It wasn’t long till Stacey moved on to work at what was Wooster Interfaith Housing, an agency providing transitional housing and additional support programs for single women, many of whom had children and had experienced domestic violence and were trying to get back on their feet. Stacey worked with these women and children helping them navigate the mine fields through which they had to negotiate to achieve independent stability. 

As she worked with these women, she was exposed to her next career move, becoming a Victim’s Advocate in the Wayne County Prosecutor’s Office. 

Turning To Advocacy

“There I was able to work with victims of all types of crime,” Stacey explained. “It was my job to support them through the entire criminal process. That included assisting them in getting protection orders and helping them to understand what to expect in the legal process. I would even go to court with them giving them additional support when they had to face their perpetrators.”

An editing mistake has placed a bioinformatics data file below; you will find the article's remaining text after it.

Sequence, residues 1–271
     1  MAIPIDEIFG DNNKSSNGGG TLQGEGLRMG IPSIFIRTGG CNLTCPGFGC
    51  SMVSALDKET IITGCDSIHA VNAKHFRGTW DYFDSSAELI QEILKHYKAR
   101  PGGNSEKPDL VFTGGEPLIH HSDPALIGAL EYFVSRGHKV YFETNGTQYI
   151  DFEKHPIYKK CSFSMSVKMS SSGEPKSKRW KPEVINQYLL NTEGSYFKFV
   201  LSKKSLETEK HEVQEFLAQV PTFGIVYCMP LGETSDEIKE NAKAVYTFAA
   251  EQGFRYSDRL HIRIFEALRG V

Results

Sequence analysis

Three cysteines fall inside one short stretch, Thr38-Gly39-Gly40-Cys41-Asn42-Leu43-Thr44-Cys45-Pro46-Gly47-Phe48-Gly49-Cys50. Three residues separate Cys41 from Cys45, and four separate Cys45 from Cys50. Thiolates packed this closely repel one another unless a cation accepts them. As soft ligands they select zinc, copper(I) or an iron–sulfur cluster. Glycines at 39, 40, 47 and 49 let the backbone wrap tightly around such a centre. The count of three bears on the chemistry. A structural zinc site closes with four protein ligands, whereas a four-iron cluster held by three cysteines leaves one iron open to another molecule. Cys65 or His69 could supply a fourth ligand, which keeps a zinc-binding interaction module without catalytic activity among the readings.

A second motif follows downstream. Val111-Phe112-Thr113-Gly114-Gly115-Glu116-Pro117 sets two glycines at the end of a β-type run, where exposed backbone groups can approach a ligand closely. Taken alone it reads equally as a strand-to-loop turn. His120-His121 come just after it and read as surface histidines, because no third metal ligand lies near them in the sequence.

While working for the prosecutor’s office, there were times when the client she was helping had been a victim of domestic violence. Once the case they were dealing with was concluded, Stacey found it frustrating to know that if that woman finally wanted to fight back against her abuser, Stacey was unable to help her pursue this final process. 

“When I couldn’t help the women who finally wanted to fight back, I knew that I had to move into a job where I could help walk alongside them to achieve further justice,” she said. “When I think of the stories of abuse that I have heard over the years, not helping a woman whose spouse had nailed her feet to a floor so she couldn’t leave justified fighting back in my book.”

Shelter For All